Medical Marijuana in Your Suitcase? How One Basketball Player’s Conviction Raises Concerns for Employers
On October 25, 2022, U.S. professional basketball player Brittney Griner lost her…
December 1, 2022Read Morearrow_forward
July 6, 2022
On June 2, 2022, Minnesota Governor Tim Walz signed House File (H.F.) 4065 into law, a measure that provides clarity regarding hemp-derived consumables stemming from the Agriculture Improvement Act of 2018, also known as the 2018 Farm Bill. Notably, this law now allows the sale and consumption of “edible cannabinoid” products containing no “more than five milligrams of any tetrahydrocannabinol [THC] in a single serving, or more than a total of 50 milligrams of any [THC] per package.” Notwithstanding the above, marijuana is still illegal in Minnesota; only the THC derived from hemp—in certain amounts—is now legal to consume.
This law is noteworthy as Minnesota, along with numerous other states, begins the slow and gradual process of legalizing marijuana and/or hemp. For example:
For multistate employers, the web of various laws with differing requirements presents a complex problem in tracking these swift changes and ensuring compliance with the laws with respect to drug testing programs, for several reasons.
First, many of the state laws concerning marijuana and hemp differ fairly considerably. Some states only allow hemp, some states only allow marijuana for certain medical purposes (and each state varies in those purposes as well), while other states have legalized and regulated marijuana in general. These divergent requirements, which are changing rapidly, present a complex compliance challenge for fast-paced multistate employers. (For an overview of the current state of marijuana legalization, please see Ogletree Deakins’ State Law Maps resource.)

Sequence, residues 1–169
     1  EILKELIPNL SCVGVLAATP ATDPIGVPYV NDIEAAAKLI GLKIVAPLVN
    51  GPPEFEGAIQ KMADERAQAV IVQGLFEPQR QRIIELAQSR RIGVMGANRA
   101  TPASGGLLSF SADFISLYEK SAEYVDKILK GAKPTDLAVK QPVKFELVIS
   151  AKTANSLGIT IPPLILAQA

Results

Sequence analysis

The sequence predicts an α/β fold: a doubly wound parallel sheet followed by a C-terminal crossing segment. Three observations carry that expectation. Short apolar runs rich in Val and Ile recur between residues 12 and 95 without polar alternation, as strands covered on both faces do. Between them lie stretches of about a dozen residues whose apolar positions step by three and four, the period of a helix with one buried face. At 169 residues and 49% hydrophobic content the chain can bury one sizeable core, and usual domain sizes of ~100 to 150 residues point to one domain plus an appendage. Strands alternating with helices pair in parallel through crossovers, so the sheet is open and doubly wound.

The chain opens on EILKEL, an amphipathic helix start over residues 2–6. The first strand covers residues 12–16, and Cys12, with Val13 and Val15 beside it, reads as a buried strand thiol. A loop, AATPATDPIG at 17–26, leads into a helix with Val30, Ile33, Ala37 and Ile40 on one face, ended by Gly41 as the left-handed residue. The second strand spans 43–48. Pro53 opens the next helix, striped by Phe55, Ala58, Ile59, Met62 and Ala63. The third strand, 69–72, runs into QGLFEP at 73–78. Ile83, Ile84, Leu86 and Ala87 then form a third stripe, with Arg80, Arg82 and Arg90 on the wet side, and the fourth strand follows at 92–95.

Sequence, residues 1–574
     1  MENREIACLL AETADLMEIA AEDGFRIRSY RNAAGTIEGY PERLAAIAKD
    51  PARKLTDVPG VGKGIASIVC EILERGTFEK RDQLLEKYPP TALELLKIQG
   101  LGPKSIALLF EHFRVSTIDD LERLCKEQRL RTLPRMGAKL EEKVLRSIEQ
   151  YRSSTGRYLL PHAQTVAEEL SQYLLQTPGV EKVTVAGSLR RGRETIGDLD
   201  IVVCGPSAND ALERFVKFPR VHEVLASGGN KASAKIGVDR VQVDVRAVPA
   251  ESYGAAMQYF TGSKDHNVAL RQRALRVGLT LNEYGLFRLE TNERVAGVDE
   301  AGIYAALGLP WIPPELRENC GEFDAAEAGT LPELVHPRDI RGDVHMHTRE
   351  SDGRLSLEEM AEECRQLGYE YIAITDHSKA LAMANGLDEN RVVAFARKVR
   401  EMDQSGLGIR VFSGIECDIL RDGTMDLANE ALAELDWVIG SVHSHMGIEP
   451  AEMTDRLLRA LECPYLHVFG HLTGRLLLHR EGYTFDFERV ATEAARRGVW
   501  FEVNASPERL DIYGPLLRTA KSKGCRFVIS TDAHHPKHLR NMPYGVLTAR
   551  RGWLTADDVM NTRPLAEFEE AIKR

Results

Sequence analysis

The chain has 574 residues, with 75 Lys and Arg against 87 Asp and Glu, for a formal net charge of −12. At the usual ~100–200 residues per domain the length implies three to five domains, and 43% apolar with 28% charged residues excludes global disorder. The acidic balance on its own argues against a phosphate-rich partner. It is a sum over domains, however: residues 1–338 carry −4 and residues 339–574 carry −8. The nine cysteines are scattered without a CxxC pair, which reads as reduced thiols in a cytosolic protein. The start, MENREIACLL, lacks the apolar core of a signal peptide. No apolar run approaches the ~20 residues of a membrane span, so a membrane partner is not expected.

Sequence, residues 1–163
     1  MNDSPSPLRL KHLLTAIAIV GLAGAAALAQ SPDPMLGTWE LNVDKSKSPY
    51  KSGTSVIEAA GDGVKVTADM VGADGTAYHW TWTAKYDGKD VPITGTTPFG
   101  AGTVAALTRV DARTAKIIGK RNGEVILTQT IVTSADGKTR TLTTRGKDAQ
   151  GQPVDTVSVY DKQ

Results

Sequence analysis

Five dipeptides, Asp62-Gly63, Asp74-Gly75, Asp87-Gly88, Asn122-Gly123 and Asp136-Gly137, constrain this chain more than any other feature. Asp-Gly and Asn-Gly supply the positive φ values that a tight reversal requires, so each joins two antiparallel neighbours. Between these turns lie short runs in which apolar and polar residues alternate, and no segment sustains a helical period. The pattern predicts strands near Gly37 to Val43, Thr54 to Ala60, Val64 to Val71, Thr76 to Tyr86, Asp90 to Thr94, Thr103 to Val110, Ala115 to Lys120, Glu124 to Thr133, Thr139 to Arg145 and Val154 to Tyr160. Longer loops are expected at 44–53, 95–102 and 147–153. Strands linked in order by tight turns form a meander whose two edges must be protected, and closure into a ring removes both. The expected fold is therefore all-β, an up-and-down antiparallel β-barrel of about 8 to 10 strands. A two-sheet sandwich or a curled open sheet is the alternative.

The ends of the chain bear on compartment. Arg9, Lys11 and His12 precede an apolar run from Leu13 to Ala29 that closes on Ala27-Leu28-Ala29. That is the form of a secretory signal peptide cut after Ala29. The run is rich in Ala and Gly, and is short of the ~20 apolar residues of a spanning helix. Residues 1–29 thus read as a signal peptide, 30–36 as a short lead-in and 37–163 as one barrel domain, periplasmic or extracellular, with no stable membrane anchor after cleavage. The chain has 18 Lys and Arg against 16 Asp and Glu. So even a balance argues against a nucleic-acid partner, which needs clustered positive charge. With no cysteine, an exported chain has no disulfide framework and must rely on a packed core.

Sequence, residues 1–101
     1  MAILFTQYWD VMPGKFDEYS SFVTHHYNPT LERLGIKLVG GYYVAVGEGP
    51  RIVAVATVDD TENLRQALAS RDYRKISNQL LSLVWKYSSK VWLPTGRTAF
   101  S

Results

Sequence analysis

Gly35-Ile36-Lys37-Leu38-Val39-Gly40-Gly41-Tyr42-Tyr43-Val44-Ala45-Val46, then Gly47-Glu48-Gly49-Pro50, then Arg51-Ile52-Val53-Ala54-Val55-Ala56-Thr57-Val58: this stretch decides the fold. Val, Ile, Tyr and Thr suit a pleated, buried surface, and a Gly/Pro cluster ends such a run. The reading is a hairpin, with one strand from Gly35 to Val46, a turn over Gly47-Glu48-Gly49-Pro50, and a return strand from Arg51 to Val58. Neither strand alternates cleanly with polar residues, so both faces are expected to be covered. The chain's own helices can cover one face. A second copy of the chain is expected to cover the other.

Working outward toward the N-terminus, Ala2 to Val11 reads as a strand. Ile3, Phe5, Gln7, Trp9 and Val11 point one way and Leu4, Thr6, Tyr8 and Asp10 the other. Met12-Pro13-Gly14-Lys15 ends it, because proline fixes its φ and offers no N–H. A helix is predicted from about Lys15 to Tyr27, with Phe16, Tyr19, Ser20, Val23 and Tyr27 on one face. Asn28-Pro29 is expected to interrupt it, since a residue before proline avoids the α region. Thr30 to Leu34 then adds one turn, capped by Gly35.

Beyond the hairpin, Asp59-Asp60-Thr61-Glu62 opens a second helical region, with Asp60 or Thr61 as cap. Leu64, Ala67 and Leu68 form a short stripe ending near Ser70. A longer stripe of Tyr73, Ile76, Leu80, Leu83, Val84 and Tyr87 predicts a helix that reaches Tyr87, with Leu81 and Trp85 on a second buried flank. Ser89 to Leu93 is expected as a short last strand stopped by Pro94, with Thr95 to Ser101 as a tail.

Second, while keeping track of all of these differing requirements is a challenge, it is even more difficult when employers have drug testing programs in more than one state. Most commonly, employers conduct preemployment, reasonable suspicion, and safety-sensitive (random) drug tests in their programs, all of which become a compliance nightmare due to the changing landscape of laws. Here are a few considerations with respect to each type of test and how Minnesota’s new law and other states’ laws may impact an employer’s drug testing programs.
Given this change in the law, more employees may begin testing positive for THC due to the broad legality of hemp products and the increasing legalization of marijuana in general. Accordingly, it may be time for employers to revisit their drug testing programs and how they view the use of THC for the employee population. More simply, the laws of yesterday may create issues for employers today.
Given the complex issues described above, employers may want to consider reevaluating their drug testing programs. As more states begin legalizing marijuana and loosening restrictions around hemp products, employers may want to engage in a broader conversation about testing for THC and whether it makes business sense (or is required under the law) to do so.
Ogletree Deakins’ Drug Testing Practice Group will continue to monitor developments related to marijuana laws in the workplace and will provide updates on the Drug Testing blog. Important information for employers is also available via the firm’s webinar and podcast programs.
Further information on federal, state, and major locality marijuana laws and related issues affecting the workplace is available in the firm’s OD Comply: Marijuana subscription materials, which are updated and provided to OD Comply subscribers as the law changes.